I’ve been going to the gym regularly for at least 30 years. I remember those brand new Nautilus machines that popped up in the health club off the lobby of my apartment building on East 22nd Street. There was that swirling seashell mechanism that hypnotized you while you were doing your leg curl reps: “You will burn off this cellulite, you will burn off this cellulite” it hummed to me and I hummed back. I’d fallen in love with the power of the workout to transform my body, and purge my mind, even if it did little for my soul. I stood across from the mirrors and clamped my butt tight and twitched my hips and marveled at my abdominal obliques sticking out from my formerly chubby belly. I was a Jew with burgeoning 6-pack. Everything, as far as I was concerned, was now possible. There was nothing in the universe I could not make malleable with my determination, my physical prowess and my health club membership. I had muscles.
And if that wasn’t exactly true, if I could not always bend the universe to my bidding, if I could not somehow orchestrate a successful acting career, or make my first marriage work or figure out a way to make more money flow into my life than out, I could always, always mold my body in the gym. I’d do the cardio and this split routine of weights and I could maintain my 130 5’9″ frame and look and feel years younger than the number that was my age. How I felt about myself had a lot to do with the degree to which I could turn heads when I walked into a room.
Until about 3 years ago when I noticed I was old.
And this year when I noticed I was really old. Overnight it seemed that the menopause vampire had sucked all the hormones, energy and short-term memory out of me. (Why did I come into this room? Why are my car keys in the fridge?)
And the workouts didn’t make me feel in control of my body anymore. The exercise became an exercise in futility. No matter what I did in the gym or how I power-walked myself up and down the many bucolic hills in my neighborhood, I could not stop my skin from dissolving into crepe or my ass from looking like 10 lbs of cottage cheese in a 5 lb bag. My weight crept upward and would no longer retreat to lower ground even when I unleashed my Weapon of Mass Destruction: Ground Zero Carbs and Nuclear Cardio. The floor-to-ceiling mirrors at the gym now only reflected my shame and disgust at having somehow allowed myself to be ambushed by aging. I might as well just eat the ice cream and stop working out that hard. And that’s what I did.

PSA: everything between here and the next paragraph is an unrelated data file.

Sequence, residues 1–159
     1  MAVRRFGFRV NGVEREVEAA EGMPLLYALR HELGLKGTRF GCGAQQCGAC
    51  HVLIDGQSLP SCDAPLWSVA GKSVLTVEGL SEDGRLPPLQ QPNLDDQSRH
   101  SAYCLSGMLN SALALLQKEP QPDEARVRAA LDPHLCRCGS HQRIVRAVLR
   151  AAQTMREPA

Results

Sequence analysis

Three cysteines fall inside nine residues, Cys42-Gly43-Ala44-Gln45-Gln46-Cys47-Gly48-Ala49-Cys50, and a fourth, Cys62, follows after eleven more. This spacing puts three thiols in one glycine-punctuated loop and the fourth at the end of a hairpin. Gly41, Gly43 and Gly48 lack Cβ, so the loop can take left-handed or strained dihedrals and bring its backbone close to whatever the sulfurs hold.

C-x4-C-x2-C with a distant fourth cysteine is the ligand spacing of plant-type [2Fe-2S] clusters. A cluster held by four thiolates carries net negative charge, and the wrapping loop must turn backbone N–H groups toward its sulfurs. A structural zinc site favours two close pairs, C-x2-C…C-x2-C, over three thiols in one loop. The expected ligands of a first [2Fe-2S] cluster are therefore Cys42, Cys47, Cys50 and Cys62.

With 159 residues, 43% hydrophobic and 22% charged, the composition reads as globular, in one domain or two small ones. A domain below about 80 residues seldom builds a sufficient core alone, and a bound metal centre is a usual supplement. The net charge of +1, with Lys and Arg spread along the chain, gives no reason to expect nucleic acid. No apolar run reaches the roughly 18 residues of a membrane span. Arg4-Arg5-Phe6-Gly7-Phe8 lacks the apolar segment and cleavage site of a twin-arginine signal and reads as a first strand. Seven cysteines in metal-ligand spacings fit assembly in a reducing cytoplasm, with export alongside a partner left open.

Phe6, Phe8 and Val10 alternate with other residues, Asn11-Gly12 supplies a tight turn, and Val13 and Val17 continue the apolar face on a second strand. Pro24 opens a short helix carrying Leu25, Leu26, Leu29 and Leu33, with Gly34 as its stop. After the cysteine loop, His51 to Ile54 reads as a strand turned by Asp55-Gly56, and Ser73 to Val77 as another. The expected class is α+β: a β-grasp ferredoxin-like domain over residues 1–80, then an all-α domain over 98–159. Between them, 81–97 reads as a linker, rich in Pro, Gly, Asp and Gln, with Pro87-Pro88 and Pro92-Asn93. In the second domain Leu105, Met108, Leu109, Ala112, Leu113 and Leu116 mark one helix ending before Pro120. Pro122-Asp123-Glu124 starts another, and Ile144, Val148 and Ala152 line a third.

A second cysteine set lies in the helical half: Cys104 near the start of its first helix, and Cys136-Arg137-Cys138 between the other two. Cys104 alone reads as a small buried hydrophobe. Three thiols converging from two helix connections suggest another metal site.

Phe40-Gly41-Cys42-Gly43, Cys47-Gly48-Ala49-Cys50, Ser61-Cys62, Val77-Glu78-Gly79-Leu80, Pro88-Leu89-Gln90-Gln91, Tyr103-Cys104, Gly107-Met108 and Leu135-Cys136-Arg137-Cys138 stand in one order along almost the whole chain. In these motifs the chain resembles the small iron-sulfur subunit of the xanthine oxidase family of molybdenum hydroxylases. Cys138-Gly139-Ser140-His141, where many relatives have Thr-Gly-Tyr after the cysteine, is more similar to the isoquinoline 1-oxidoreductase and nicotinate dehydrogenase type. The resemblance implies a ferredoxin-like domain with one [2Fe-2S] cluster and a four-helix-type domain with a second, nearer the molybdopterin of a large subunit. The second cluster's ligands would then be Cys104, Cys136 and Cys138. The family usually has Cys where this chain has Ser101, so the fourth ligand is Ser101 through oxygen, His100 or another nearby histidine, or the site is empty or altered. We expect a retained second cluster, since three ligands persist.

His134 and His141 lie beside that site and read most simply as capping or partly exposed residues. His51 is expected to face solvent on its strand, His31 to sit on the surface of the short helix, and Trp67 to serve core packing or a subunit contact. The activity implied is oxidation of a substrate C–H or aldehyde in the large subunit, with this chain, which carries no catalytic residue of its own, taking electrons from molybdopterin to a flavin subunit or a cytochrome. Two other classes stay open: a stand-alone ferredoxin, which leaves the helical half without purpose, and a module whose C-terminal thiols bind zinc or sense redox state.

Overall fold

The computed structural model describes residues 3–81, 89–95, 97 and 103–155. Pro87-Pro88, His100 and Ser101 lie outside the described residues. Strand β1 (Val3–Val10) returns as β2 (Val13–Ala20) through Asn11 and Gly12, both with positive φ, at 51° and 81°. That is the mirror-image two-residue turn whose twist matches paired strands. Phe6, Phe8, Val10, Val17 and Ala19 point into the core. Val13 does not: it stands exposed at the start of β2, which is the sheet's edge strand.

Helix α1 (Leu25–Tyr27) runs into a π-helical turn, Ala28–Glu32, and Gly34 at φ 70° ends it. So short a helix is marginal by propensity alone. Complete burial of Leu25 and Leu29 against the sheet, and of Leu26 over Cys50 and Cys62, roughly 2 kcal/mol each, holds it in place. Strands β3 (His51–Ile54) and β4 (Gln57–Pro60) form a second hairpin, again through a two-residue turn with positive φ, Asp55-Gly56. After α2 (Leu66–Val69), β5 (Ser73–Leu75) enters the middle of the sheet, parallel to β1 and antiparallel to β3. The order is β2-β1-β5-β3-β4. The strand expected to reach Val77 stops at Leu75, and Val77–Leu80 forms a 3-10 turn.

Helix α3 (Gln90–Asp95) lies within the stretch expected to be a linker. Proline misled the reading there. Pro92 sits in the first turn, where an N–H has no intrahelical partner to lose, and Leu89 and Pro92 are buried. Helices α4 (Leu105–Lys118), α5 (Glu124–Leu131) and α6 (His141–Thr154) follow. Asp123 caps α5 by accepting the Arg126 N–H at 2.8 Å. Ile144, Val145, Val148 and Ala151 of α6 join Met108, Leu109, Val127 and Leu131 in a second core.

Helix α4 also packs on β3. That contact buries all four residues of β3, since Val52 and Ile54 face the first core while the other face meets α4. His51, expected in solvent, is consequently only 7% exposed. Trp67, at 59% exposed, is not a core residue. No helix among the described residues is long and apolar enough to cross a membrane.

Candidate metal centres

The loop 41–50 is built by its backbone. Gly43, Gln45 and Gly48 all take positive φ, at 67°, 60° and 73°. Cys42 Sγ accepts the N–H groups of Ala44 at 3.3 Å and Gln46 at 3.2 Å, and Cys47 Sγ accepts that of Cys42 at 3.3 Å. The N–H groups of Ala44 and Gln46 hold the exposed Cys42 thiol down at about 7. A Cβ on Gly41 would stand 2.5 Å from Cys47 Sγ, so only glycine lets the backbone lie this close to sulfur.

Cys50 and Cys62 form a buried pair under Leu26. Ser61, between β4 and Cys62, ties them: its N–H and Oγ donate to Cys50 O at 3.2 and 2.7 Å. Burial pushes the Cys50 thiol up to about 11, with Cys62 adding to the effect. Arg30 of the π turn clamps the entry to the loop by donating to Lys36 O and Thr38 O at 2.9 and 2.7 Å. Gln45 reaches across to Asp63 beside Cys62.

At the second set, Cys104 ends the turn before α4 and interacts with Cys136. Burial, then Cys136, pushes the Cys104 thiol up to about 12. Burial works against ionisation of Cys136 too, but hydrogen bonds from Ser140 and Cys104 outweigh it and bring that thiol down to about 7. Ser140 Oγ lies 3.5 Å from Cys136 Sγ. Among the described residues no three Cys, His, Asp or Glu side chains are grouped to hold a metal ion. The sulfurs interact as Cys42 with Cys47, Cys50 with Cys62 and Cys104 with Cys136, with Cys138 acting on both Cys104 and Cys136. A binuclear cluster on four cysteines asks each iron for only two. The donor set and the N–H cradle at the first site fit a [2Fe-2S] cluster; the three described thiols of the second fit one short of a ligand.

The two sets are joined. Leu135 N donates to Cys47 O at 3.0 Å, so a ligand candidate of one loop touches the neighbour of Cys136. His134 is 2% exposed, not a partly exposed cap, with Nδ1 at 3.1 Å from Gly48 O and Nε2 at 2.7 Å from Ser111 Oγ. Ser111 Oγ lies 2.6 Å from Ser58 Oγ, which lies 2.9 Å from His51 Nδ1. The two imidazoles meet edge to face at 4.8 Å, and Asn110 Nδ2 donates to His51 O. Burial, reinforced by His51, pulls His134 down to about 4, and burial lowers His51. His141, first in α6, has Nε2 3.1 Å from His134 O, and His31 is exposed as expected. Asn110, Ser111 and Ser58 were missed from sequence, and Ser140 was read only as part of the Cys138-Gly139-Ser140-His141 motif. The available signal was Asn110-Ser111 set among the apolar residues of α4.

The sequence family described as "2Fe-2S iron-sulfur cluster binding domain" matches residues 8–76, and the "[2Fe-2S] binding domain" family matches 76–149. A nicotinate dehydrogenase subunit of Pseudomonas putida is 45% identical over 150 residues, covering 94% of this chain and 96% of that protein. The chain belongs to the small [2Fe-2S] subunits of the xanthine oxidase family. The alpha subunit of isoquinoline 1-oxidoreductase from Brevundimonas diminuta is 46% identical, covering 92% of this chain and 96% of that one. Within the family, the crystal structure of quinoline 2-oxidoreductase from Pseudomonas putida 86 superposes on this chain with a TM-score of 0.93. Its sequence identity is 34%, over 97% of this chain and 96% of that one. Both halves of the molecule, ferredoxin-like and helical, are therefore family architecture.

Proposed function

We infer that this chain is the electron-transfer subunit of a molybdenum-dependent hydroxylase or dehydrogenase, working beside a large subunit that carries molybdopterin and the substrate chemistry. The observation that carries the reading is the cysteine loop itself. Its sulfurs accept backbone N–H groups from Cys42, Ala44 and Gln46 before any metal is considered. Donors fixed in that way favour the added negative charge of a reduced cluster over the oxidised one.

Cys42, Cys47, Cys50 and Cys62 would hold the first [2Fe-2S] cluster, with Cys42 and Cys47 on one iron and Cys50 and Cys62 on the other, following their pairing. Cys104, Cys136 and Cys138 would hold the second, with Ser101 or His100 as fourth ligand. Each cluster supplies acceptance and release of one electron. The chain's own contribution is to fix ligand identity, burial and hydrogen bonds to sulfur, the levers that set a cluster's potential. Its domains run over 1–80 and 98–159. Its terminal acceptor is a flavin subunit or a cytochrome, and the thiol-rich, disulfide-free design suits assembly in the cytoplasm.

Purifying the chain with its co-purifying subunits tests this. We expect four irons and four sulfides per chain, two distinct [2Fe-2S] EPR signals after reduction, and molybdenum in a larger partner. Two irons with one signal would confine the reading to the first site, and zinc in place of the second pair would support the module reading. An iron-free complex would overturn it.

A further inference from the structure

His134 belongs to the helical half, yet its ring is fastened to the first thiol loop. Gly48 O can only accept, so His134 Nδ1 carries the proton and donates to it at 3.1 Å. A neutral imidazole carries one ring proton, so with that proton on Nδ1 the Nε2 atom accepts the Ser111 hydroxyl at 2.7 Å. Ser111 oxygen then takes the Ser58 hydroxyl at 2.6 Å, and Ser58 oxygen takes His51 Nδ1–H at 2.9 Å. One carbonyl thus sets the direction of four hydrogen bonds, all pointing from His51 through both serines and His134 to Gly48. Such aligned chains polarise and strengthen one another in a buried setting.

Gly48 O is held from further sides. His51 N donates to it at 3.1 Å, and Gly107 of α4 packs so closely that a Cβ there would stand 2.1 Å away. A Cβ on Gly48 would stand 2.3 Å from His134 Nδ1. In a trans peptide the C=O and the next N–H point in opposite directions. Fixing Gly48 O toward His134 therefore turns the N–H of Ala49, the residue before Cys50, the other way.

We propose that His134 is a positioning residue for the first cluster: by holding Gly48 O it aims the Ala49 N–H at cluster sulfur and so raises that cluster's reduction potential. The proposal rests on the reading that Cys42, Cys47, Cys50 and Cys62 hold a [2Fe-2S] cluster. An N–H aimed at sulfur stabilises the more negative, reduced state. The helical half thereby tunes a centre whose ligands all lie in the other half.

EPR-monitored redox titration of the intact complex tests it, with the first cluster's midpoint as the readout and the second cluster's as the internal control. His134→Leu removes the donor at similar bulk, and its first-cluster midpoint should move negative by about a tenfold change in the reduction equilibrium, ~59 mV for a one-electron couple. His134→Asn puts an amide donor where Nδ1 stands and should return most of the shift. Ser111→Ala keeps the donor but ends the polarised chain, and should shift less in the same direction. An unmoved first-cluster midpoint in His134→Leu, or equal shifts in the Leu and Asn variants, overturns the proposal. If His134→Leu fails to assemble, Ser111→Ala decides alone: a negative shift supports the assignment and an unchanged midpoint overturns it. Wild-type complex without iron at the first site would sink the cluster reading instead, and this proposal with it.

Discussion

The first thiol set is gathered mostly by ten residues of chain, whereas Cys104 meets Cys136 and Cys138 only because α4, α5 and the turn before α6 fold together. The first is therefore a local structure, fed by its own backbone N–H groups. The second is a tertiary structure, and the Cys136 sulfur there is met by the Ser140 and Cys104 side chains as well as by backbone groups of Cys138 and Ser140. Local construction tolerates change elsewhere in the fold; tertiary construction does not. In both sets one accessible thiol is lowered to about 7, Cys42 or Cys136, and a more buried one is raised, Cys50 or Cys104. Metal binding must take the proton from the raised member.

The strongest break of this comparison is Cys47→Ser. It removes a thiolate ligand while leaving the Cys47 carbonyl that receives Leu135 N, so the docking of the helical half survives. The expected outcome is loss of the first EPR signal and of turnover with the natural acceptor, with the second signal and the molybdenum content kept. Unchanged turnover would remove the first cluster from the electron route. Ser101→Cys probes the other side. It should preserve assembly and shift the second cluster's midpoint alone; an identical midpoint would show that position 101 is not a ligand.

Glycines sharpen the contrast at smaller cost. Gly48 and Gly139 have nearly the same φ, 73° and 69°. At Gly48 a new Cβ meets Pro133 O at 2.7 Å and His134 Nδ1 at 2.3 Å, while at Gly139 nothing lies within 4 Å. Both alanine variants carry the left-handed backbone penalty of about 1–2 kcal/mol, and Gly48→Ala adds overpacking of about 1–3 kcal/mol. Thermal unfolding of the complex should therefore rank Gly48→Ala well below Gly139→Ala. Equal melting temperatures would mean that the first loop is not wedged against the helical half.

Sure, I went through the motions a couple of times a week. Sometimes I skipped a week. I did enough to stave off the aches and pains in my hips and shoulders and to keep the scale from approaching the dreaded number over which I could not tolerate my jeans. But I’d surrendered to inevitable aging.
Then I decided to go to culinary school.
Did you ever watch Top Chef? Iron Chef? Hell’s Kitchen? These are not beauty contests. With the exception of Padma Lakshmi, everyone wears these formless trousers and comfortable shoes. The boxy chef jackets could conceal a 9-month term pregnancy. Sweat pours out from underneath schmattes tied across the contestants furrowed brows. There are no big mirrors. There may be egos, but in the end it’s all about what ends up on the plate. How I looked was not going to matter. What I would need to be successful in the field was skills, determination, creativity, passion, and stamina. I had the emotional/spiritual component, without a doubt. The skills I would get at French Culinary Institute.
But the stamina and strength? I suddenly had my “raison d’etre” for going back to the gym with a vengeance. My efforts at the gym would never give me back my 70’s disco-ready silhouette but I could use the dumbbells to keep my wrists strong for that cool way those chefs flipped the ingredients in the steaming saute pans. I could maintain my ridiculously low resting heart-rate and blood pressure in order to navigate the high pressure of the kitchen with grace. The shoulder presses would give me the muscle I needed for that rapid-fire chopping (maybe not that rapid…) and the roast pan lifting. The core exercises and the cardio would give me the stamina I’d need for what might be long days on my feet.
I could stay strong. I could feel powerful. I could stop saying “Oy” everytime I bent over as if I was my 86-year-old mother.
I was planning on culinary school giving me the lessons I need for a new career. But even before my first day of school I’m seeing how it’s giving me some new lessons for living my life.
Let go of the superficial. It can only take you so far. Focus on inner strength. Be the best, strongest, most graceful you can be at any age. When I told my close friends and family about my decision to go to culinary school, I got an outpouring of bravos and support, but it was an email reply from my brother, six years my senior that meant the most to me. He’s a seasoned freelance camera jockey working in professional sports in Florida, still holding his own in a field populated with the impossibly young. He wrote:
“Who has bigger balls than you???? I admire what you are doing! NEVER SURRENDER!!!!”
While there might need to be slight shifts in focus along the way, I don’t believe I ever will.